Now Pam Bergsma is pushing for legislation to require an eye dilation exam for all newborns, at all six- to eight-week well-baby exams, and at all six- to nine-month well-baby exams. She knows that the American Academy of Pediatrics (AAP) recommends "red reflex" screening with an ophthalmoscope for all infants within their first two months, but only in a darkened room to maximize pupil dilation. It recommends medical dilation if anything looks askew.

The policy infuriates Bergsma. "You only have a 30 percent chance of detection in an undilated eye," she claims. The Retinoblastoma Center at the University of Southern California agrees. According to researchers there, an infant’s pupil is so small that the detection of any intraocular condition is rare without pupil dilation.

But many doctors are hesitant to dilate an infant’s eyes. "Personally, I don’t do it," says Sarasota pediatrician Dr. Ted Meyers. "You need to be able to assess the problem and diagnose it, and I don’t know how many pediatricians are equipped to do that." If he spots anything unusual in a young patient, he refers them to a pediatric ophthalmologist.

"You can get some fairly significant medical complications [from dilation]," adds Meyer, who has practiced for 21 years. In 2003, the Florida Society of Ophthalmology (FSO) issued a statement citing hypertension, slow heart rates and behavioral disturbances as potential reactions from dilating agents. It claims that these side effects occur at a higher rate than retinoblastoma tumors, so dilation is not justified.

But opinions vary on just how many cases are seen in this country every year. The American Cancer Society says about 250 children are diagnosed with retinoblastoma annually, while the National Institutes of Health puts the number at 400. Other estimates range from 500 a year to one in 10,000. Doering saw more than 300 cases of retinoblastoma in the three years he spent at Cornell before moving to Sarasota last year.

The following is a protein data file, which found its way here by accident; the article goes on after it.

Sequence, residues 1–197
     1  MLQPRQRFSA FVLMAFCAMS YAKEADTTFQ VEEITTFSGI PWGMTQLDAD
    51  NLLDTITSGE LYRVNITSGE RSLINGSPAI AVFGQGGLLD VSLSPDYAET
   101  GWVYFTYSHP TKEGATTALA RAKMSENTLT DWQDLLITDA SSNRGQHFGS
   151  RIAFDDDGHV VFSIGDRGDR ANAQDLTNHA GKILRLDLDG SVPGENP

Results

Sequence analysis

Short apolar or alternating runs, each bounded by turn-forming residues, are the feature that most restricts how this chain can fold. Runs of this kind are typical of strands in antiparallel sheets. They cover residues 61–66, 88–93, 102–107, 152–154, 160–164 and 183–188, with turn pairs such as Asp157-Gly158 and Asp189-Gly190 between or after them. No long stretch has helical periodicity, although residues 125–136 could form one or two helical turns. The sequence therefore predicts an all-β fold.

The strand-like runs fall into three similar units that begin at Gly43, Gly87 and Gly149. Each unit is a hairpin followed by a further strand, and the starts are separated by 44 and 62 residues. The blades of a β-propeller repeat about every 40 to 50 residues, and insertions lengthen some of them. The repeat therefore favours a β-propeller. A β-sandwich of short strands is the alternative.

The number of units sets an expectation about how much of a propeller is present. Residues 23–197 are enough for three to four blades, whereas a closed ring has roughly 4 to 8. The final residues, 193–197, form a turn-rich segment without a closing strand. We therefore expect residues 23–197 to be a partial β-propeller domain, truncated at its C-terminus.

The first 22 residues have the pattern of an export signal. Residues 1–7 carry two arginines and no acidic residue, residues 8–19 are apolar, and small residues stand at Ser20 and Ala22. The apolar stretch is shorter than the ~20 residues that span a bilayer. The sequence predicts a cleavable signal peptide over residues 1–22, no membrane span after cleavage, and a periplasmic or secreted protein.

Like all the doctors interviewed for this story, Doering hasn’t treated a single case of retinoblastoma here. "It’s something that’s more common in demographics with more children," says Dr. Ronni Chen, a pediatric ophthalmologist at Kantor Eye Institute in Sarasota.

Bergsma counters that all childhood cancers are rare, compared to adult cancer, and that dilating an infant’s eyes could ensure the detection of other retinal diseases (like cataracts, glaucoma, strabismus and amblyopia) that can be treated if detected early enough. Retinoblastoma tumors, for example, can be blasted away with a laser if caught in time. Otherwise, the most common treatment is chemotherapy, radiation, or surgical removal of the affected eye.

Dr. Ronald Berkman, dean of Florida International University, claims the cost to Florida in direct and indirect costs for a blind child over the course of a lifetime can reach $2 million. "The cost of the proposed screening is that for two drops of dilating solution and 10 seconds of a nurse’s time," he wrote in a letter to the Florida State Legislature urging passage of a newborn eye-screening bill.

Despite the American Academy of Pediatrics’ policy on even minimal red reflex testing, fewer than 22 percent of all preschool children receive any type of vision screening at all. In 80 percent of the patients in the Cornell study, the disease was initially detected by the child’s family or friends. Only eight percent of the cases were discovered by pediatricians and only 10 percent by ophthalmologists.